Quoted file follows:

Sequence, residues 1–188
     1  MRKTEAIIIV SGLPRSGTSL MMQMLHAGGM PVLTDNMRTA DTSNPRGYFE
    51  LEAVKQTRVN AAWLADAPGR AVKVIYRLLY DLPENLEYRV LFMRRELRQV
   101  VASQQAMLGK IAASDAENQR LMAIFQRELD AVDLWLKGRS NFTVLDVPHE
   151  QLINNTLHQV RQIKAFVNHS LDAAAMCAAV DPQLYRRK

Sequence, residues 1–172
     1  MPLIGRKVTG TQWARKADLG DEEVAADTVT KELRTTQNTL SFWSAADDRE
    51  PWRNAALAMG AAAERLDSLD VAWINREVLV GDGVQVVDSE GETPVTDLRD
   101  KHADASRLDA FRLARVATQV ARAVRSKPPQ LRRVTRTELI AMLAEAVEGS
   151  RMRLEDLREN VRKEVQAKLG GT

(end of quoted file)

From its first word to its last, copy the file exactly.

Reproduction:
Sequence, residues 1–188
     1  MRKTEAIIIV SGLPRSGTSL MMQMLHAGGM PVLTDNMRTA DTSNPRGYFE
    51  LEAVKQTRVN AAWLADAPGR AVKVIYRLLY DLPENLEYRV LFMRRELRQV
   101  VASQQAMLGK IAASDAENQR LMAIFQRELD AVDLWLKGRS NFTVLDVPHE
   151  QLINNTLHQV RQIKAFVNHS LDAAAMCAAV DPQLYRRK

Sequence, residues 1–172
     1  MPLIGRKVTG TQWARKADLG DEEVAADTVT KELRTTQNTL SFWSAADDRE
    51  PWRNAALAMG AAAERLDSLD VAWINREVLV GDGVQVVDSE GETPVTDLRD
   101  KHADASRLDA FRLARVATQV ARAVRSKPPQ LRRVTRTELI AMLAEAVEGS
   151  RMRLEDLREN VRKEVQAKLG GT